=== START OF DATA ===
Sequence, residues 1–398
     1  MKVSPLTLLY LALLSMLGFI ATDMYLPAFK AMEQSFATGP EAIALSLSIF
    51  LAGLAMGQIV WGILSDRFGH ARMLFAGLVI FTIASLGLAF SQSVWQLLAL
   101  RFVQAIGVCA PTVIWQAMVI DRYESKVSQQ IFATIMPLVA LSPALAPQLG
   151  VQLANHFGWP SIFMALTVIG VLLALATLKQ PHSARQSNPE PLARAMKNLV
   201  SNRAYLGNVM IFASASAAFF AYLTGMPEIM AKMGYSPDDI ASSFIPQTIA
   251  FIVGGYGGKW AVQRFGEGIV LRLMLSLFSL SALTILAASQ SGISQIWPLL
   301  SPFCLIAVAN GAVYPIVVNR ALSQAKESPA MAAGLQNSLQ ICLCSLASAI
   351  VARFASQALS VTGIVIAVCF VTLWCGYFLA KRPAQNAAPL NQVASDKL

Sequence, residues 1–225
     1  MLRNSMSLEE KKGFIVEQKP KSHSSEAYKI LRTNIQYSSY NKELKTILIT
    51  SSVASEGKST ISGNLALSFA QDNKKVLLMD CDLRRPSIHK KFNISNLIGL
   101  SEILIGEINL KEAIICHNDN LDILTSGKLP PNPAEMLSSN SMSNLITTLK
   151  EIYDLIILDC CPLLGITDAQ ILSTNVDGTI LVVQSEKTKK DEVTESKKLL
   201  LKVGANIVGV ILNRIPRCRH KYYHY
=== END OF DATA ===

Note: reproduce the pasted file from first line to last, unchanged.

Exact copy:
Sequence, residues 1–398
     1  MKVSPLTLLY LALLSMLGFI ATDMYLPAFK AMEQSFATGP EAIALSLSIF
    51  LAGLAMGQIV WGILSDRFGH ARMLFAGLVI FTIASLGLAF SQSVWQLLAL
   101  RFVQAIGVCA PTVIWQAMVI DRYESKVSQQ IFATIMPLVA LSPALAPQLG
   151  VQLANHFGWP SIFMALTVIG VLLALATLKQ PHSARQSNPE PLARAMKNLV
   201  SNRAYLGNVM IFASASAAFF AYLTGMPEIM AKMGYSPDDI ASSFIPQTIA
   251  FIVGGYGGKW AVQRFGEGIV LRLMLSLFSL SALTILAASQ SGISQIWPLL
   301  SPFCLIAVAN GAVYPIVVNR ALSQAKESPA MAAGLQNSLQ ICLCSLASAI
   351  VARFASQALS VTGIVIAVCF VTLWCGYFLA KRPAQNAAPL NQVASDKL

Sequence, residues 1–225
     1  MLRNSMSLEE KKGFIVEQKP KSHSSEAYKI LRTNIQYSSY NKELKTILIT
    51  SSVASEGKST ISGNLALSFA QDNKKVLLMD CDLRRPSIHK KFNISNLIGL
   101  SEILIGEINL KEAIICHNDN LDILTSGKLP PNPAEMLSSN SMSNLITTLK
   151  EIYDLIILDC CPLLGITDAQ ILSTNVDGTI LVVQSEKTKK DEVTESKKLL
   201  LKVGANIVGV ILNRIPRCRH KYYHY